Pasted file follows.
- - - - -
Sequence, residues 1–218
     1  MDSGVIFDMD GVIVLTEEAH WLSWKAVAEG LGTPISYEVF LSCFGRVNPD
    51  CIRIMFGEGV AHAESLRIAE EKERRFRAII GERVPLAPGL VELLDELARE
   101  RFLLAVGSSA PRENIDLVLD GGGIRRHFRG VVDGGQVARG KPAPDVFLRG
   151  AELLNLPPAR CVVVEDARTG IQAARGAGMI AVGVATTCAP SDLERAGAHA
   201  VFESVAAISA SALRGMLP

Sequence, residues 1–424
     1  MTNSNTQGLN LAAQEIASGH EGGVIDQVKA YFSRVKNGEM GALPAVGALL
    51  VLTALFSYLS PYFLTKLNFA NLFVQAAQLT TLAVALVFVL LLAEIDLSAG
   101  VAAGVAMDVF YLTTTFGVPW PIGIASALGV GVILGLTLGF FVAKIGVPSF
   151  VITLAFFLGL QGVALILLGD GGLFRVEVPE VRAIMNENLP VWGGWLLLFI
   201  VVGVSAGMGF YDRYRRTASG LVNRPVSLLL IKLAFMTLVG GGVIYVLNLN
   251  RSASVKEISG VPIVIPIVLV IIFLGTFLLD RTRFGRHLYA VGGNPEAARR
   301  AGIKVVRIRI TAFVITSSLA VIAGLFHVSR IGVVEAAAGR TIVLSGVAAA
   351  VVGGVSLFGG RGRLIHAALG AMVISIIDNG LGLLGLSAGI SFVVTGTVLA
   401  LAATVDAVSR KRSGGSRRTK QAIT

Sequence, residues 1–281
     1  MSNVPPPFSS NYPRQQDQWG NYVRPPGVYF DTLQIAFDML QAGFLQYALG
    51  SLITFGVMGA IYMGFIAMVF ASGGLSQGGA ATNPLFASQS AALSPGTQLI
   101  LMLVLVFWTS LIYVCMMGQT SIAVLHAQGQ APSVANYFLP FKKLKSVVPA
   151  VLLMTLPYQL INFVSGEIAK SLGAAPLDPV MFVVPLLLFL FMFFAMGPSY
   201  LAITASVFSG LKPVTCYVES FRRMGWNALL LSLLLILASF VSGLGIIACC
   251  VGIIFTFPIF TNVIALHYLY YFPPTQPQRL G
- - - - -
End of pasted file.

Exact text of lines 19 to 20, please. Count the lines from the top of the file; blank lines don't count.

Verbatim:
    51  SLITFGVMGA IYMGFIAMVF ASGGLSQGGA ATNPLFASQS AALSPGTQLI
   101  LMLVLVFWTS LIYVCMMGQT SIAVLHAQGQ APSVANYFLP FKKLKSVVPA